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|dc.identifier.citation||Communication and Critical/Cultural Studies, 2005; 2(1):37-51||en|
|dc.description.abstract||The online multi-user game is an exemplar of the emergent structures of interactive media. Social relationships and community networks are formed, and developer/player relationships are negotiated around ongoing development of the game features and player-created content. The line between production and consumption of the text has become blurred, and the lines between social and economic relationships must be redrawn. This article explores these relationships, using EverQuest as a case study. It suggests that the dynamic, mutable, and emergent qualities of the online multiplayer game exceed the limits of the reifying processes embodied by copyright law and content regulation regimes.||en|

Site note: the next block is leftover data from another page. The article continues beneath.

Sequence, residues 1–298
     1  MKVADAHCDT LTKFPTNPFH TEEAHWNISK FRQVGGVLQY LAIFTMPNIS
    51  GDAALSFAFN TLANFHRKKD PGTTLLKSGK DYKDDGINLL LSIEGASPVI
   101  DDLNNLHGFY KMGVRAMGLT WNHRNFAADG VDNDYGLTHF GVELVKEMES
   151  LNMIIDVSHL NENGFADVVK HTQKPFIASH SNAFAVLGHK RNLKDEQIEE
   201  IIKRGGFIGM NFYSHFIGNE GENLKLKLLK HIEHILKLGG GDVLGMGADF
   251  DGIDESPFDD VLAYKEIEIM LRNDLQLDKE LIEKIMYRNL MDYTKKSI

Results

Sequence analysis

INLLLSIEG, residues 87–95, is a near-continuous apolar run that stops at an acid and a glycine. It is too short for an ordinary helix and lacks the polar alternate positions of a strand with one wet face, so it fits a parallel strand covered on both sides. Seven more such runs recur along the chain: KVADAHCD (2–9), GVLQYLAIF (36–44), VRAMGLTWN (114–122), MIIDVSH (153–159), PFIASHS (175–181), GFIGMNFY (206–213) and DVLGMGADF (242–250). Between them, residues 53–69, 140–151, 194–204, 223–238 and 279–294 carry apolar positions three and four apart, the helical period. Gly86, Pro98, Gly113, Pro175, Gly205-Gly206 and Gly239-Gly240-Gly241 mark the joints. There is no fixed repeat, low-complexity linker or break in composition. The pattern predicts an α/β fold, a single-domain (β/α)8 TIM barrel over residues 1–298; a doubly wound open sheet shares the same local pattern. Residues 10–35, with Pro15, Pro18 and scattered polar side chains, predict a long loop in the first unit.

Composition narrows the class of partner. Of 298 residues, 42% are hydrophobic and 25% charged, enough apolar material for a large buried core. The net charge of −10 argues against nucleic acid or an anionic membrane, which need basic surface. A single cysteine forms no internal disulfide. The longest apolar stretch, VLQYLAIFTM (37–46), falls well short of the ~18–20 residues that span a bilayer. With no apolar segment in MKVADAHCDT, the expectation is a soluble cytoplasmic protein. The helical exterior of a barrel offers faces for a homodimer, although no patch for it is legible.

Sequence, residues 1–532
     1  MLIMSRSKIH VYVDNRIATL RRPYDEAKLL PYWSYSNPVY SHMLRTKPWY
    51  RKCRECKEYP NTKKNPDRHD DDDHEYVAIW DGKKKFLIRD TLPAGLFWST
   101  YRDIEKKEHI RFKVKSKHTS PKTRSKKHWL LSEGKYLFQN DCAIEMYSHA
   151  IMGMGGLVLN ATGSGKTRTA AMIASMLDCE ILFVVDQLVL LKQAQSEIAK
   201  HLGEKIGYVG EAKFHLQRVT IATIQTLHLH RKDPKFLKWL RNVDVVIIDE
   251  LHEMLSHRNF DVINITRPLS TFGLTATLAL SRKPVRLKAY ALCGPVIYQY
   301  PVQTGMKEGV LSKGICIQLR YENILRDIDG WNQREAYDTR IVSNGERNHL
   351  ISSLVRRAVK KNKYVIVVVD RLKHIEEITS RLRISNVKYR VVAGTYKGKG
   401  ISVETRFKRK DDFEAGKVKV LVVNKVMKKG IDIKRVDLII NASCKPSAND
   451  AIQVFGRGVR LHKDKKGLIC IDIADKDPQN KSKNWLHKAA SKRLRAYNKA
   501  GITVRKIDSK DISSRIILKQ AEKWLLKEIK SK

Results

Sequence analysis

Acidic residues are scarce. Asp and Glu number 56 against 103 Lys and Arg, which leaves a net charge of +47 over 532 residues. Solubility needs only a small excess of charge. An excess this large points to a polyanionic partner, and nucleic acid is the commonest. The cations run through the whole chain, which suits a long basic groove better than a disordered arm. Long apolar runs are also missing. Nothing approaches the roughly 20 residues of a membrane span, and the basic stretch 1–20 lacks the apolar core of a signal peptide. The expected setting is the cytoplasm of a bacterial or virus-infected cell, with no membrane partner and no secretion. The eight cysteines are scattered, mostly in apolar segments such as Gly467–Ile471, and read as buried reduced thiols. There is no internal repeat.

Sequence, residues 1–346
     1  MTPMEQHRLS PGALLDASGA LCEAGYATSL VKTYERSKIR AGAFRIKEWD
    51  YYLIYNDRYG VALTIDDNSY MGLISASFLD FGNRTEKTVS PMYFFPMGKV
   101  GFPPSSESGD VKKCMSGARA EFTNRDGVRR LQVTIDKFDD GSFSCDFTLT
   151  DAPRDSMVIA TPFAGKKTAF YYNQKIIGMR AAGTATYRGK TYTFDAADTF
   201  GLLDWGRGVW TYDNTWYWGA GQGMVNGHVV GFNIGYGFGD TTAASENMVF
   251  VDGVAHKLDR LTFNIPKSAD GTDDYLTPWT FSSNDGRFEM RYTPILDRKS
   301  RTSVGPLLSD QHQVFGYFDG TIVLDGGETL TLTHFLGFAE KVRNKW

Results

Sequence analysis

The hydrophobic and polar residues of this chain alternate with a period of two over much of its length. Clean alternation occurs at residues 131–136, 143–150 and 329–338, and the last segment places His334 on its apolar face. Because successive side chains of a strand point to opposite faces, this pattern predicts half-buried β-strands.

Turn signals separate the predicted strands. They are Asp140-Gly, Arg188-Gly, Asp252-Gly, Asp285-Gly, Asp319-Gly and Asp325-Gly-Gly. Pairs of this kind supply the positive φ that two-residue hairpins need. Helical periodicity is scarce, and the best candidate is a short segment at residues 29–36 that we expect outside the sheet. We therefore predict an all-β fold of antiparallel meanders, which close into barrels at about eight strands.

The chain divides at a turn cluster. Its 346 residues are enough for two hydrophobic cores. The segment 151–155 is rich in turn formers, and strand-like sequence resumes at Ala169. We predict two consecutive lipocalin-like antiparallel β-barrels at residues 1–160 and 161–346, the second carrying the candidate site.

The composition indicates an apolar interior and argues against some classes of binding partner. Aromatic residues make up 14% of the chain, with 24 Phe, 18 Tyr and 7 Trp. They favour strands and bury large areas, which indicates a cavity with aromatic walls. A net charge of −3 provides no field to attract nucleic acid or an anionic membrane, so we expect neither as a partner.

|dc.rights||Copyright 2005 Taylor and Francis||en|
|dc.subject||Massive Multiplayer Online Games; Regulation; Production; Intellectual Property; Players||en|
|dc.title||Productive Players: online computer games' challenge to conventional media forms||en|
|pubs.library.collection||Media Studies publications||en|
|dc.identifier.orcid||Humphreys, S. [0000-0003-3691-8131]||en|
|Appears in Collections:||Media Studies publications|
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